Survivors Teaching Students Crosses the Digital Divide for Medical Students

Last year, nearly 13,000 medical and nursing students gained a better understanding of ovarian cancer—an understanding they’ll carry with them as they begin seeing patients of their own—by hearing the stories of our Survivors Teaching Students® survivor and caregiver volunteers.

These experiences, shared face to face in classrooms with future healthcare professionals, leave a more lasting impact than can ever be gained through a textbook.

Survivors Teaching Students

So what happens when medical classrooms are empty, and students move online? STS moves with them.

Our team of over 900 volunteers has risen to the moment, diving headlong into online presentations and digital surveys—and students have welcomed them with (virtual) open arms.

It would take a lot to keep our incredible volunteers away from this program. Just last week, one of our presenters, Joanne M., spoke to a classroom from her hospital bed, laptop propped on her knees, while receiving in-patient chemotherapy.

The move to virtual learning has opened doors, allowing us to reach nursing schools that are traditionally online only—something we were unable to do before.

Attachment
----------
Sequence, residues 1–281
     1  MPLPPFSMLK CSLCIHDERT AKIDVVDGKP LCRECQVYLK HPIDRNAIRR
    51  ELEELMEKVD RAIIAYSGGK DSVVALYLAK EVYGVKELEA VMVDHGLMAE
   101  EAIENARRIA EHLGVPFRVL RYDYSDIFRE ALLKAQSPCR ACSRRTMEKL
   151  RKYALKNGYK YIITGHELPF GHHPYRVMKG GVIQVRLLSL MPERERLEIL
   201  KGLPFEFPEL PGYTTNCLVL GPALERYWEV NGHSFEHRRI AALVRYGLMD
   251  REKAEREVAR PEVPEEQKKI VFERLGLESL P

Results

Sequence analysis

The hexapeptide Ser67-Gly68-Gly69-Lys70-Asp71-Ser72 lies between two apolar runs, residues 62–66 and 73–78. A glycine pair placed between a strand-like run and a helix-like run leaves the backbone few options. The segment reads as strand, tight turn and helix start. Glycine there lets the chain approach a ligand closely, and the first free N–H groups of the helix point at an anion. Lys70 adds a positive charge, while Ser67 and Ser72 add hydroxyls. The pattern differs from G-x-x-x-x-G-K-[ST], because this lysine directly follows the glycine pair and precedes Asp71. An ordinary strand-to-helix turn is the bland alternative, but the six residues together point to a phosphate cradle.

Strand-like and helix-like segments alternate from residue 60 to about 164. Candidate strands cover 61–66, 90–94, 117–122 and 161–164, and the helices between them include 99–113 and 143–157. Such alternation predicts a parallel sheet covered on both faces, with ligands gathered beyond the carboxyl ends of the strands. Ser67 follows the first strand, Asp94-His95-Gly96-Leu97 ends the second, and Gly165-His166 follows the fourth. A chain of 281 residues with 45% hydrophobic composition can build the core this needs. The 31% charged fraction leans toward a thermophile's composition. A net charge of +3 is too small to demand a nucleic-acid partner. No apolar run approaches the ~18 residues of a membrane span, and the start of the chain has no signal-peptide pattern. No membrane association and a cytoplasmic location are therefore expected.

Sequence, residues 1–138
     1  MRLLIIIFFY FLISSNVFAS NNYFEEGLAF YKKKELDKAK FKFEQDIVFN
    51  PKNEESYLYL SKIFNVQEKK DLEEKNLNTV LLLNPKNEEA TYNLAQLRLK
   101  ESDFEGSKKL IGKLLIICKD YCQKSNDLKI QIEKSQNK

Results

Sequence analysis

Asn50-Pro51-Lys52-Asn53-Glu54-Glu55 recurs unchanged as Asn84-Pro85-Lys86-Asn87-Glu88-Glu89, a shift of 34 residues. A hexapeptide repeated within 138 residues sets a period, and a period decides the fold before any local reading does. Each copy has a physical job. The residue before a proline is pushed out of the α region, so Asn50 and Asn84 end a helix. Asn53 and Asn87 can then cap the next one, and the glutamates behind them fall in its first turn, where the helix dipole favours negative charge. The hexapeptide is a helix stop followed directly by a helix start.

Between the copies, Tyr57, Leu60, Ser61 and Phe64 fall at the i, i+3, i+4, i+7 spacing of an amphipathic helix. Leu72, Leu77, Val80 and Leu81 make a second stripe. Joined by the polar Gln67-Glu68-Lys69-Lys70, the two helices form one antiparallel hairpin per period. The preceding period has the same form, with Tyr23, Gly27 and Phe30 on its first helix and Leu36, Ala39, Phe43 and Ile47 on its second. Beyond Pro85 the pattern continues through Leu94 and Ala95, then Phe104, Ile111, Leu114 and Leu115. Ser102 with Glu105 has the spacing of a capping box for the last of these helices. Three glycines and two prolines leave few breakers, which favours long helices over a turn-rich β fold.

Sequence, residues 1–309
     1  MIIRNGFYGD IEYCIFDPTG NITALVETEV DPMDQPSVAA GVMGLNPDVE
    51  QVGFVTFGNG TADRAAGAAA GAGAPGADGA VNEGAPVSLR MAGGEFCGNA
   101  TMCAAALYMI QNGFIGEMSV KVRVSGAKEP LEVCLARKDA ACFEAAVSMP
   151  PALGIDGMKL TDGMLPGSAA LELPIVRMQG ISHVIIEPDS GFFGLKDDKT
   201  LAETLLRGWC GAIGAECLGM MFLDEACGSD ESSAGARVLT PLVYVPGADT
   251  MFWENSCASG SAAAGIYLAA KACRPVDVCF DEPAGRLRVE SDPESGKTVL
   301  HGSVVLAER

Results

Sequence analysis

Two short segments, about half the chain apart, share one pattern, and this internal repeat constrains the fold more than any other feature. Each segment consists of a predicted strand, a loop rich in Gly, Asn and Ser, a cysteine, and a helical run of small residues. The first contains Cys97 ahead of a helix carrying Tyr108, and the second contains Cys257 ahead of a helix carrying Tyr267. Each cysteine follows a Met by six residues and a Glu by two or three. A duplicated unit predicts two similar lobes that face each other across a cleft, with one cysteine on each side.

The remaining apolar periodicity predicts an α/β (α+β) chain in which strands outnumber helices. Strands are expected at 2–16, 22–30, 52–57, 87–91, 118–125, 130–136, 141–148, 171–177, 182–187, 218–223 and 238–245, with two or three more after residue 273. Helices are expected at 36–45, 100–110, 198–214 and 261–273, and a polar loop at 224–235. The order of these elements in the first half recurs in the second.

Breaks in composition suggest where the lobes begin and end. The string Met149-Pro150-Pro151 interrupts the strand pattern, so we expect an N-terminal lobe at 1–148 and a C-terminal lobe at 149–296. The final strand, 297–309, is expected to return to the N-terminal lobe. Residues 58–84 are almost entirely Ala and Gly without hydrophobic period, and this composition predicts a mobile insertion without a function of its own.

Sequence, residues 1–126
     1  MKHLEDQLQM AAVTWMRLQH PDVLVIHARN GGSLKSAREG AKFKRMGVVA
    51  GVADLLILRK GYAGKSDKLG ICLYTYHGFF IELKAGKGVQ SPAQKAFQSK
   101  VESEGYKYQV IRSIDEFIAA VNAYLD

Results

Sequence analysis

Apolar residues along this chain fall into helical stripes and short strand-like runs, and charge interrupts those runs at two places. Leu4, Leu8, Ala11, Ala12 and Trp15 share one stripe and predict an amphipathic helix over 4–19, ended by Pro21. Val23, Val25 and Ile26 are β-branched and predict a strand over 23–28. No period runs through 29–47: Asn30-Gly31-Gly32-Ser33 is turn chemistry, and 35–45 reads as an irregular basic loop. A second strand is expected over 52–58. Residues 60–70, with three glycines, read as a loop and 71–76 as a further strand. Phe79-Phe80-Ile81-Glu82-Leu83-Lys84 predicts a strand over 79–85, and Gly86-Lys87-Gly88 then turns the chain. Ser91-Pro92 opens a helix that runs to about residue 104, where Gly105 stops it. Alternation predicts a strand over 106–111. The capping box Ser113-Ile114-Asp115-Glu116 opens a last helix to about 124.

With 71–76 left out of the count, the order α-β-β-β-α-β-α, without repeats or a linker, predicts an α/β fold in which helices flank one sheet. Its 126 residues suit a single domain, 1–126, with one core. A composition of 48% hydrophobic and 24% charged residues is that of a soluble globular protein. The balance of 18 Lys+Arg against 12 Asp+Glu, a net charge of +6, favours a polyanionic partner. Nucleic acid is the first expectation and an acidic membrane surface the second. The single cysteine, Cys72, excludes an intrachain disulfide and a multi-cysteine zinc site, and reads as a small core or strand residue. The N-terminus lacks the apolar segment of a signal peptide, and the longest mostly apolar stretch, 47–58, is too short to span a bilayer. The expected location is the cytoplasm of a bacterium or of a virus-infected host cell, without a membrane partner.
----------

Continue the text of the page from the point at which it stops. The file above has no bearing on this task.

And perhaps most importantly, learning is no longer bound by state lines. An STS volunteer living in Atlanta, Georgia can now speak to a full class of medical students in west Texas.

Just as this COVID-19 crisis is an obstacle to overcome, it is also an opportunity to expand and improve our programs. We must—so that we can continue to educate the next generation of healthcare providers who may one day diagnose someone we love.

As so much changes around us, the need to support the ovarian cancer community with programs like STS—as well as the need to continue with research and advocacy—remains critical. If you are in a position to do so, please make a gift today.

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